The DocHostFlags property can be any combination of DocHostUIFlagDispatch flags. The DocHostDoubleClickFlags property can be any one of the DOCHOSTUIDBLCLKDispatch flags. The AllowContextMenu property enables you to shut off the context menu when the user right-clicks on the HTML control.[10] The AllowShowUI property controls whether the host will be replacing the IE menus and toolbars. The OptionKeyPath property tells the HTML document where in the Registry to read and write its settings.

[10] There's no reason for the user to know you're just bootlegging IE functionality, is there?

All these settings affect the CAxWindowHost object's implementation of IDocHost-UIHandler, an interface that the HTML Document control expects from its host to fine tune its behavior. If you want to control this interaction even more, CAxWindowHost enables you to set your own IDocHostUIHandlerDispatch interface[11] via the CAxWindow member function SetExternalUIHandler:

[11] This interface is defined by ATL in atliface.idl.

HRESULT CAxWindow::SetExternalUIHandler(     IDocHostUIHandlerDispatch* pHandler); 


The IDocHostUIHandlerDispatch interface is pretty much a one-to-one mapping to IDocHostUIHandler, but in dual interface form. When a CAxHostWindow object gets a call from the HTML Document control on IDocHostUIHandler, the call is forwarded if there is an implementation of IDocHostUIHandlerDispatch set. For example, if you want to replace the context menu of the HTML control instead of just turn it off, you have to expose the IDocHostUIHandlerDispatch interface, call SetExternalUIHandler during the OnCreate handler, and implement the ShowContextMenu member function. When there is no implementation of IDocHostUIHandlerDispatch set, the CAxHostWindow object uses the properties set via the IAxWinAmbientDispatch interface.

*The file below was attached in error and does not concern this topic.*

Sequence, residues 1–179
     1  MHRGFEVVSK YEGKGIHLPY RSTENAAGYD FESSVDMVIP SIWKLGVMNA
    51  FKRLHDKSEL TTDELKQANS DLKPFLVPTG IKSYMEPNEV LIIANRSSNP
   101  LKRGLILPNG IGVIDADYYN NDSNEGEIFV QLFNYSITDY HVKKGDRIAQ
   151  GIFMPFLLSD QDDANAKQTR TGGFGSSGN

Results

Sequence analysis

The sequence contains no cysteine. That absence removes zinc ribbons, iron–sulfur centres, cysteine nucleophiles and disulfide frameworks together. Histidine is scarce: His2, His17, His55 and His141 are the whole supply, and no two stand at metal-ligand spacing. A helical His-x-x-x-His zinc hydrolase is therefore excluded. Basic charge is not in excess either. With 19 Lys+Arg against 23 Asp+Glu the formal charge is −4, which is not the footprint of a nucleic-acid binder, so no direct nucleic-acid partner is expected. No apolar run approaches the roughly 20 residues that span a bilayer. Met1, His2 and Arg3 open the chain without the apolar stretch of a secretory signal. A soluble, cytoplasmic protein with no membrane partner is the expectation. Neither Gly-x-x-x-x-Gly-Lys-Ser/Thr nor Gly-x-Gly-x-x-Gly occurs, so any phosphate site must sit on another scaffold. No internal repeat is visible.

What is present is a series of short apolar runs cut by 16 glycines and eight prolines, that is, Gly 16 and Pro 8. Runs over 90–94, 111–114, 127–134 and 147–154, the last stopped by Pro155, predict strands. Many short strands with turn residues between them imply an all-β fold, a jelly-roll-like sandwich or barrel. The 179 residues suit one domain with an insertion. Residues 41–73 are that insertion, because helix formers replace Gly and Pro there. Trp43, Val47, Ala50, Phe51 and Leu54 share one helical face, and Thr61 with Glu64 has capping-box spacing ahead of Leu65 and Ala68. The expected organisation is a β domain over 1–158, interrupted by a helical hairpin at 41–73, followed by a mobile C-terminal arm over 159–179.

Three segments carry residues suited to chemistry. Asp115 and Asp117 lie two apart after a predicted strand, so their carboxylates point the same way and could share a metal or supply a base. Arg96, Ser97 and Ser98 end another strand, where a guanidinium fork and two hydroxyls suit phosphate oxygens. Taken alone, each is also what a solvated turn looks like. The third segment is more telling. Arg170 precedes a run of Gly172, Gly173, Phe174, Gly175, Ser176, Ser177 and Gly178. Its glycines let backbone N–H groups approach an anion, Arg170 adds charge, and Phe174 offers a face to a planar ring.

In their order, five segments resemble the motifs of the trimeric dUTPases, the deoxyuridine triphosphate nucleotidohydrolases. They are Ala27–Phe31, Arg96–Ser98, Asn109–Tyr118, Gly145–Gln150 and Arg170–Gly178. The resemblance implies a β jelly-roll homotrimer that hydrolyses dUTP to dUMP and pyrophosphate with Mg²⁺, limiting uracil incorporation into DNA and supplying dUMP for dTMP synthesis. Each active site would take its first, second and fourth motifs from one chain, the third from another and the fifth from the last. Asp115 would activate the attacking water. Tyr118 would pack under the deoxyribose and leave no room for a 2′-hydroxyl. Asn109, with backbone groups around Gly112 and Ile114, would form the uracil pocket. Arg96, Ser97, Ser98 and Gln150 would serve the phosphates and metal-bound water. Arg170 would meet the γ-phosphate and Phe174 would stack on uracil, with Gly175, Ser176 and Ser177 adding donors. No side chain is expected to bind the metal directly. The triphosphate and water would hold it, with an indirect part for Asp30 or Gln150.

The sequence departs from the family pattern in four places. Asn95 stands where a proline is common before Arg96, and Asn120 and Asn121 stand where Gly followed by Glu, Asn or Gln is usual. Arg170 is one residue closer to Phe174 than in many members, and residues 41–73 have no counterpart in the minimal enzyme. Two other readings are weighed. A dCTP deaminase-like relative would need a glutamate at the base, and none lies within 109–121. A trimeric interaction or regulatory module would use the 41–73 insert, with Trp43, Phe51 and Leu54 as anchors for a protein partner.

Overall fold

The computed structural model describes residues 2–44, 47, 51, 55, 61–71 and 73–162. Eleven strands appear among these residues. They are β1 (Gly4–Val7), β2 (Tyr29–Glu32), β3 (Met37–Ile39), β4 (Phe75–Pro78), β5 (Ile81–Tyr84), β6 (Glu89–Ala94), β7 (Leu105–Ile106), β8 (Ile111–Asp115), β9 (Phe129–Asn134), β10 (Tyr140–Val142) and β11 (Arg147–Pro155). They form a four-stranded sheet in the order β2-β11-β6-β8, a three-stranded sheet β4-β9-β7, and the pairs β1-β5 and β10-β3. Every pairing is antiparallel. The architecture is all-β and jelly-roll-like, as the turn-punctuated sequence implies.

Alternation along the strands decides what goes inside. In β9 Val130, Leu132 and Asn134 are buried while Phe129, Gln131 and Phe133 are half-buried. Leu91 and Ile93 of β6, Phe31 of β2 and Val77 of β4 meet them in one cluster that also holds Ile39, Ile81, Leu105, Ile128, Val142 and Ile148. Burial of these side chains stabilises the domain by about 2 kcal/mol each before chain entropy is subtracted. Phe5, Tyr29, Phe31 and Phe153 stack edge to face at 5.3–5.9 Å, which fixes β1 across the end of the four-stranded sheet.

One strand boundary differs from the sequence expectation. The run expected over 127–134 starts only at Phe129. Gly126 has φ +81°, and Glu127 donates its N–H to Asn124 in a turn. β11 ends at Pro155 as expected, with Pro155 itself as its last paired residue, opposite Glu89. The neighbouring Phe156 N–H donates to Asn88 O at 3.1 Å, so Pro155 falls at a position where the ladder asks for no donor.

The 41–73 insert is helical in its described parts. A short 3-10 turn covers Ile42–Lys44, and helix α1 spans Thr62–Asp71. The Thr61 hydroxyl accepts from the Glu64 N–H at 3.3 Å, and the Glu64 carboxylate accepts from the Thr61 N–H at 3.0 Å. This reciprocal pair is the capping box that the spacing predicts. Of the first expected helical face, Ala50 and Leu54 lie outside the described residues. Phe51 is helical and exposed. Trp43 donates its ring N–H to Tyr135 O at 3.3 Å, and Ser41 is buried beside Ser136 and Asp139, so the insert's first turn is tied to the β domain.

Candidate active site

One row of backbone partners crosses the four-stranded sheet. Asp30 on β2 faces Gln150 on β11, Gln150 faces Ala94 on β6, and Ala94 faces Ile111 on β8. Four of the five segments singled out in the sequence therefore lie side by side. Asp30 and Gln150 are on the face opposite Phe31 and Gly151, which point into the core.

Hosting HTML Is Not Limited to the HTML Control

By hosting the WebBrowser control or the HTML Document control, you've given yourself a lot more than just hosting HTML. The HTML Document control represents a flexible COM UI framework called Dynamic HTML. The combination of declarative statements to lay out the UI elements and the capability to control each element's behavior, presentation style, and events at runtime gives you a great deal of flexibility.

Nor is this functionality limited to an HTML control. You can achieve the same effect by creating a CAxWindow object that hosts either the WebBrowser or the HTML Document control in a window, a dialog, or a composite control, as well as in an HTML control.[12]

[12] You can build entire applications using ATL as the glue code that initialized a first-tier thin client built entirely from HTML, but that's beyond the scope of this book.




ATL Internals. Working with ATL 8
ATL Internals: Working with ATL 8 (2nd Edition)
ISBN: 0321159624
EAN: 2147483647
Year: 2004
Pages: 172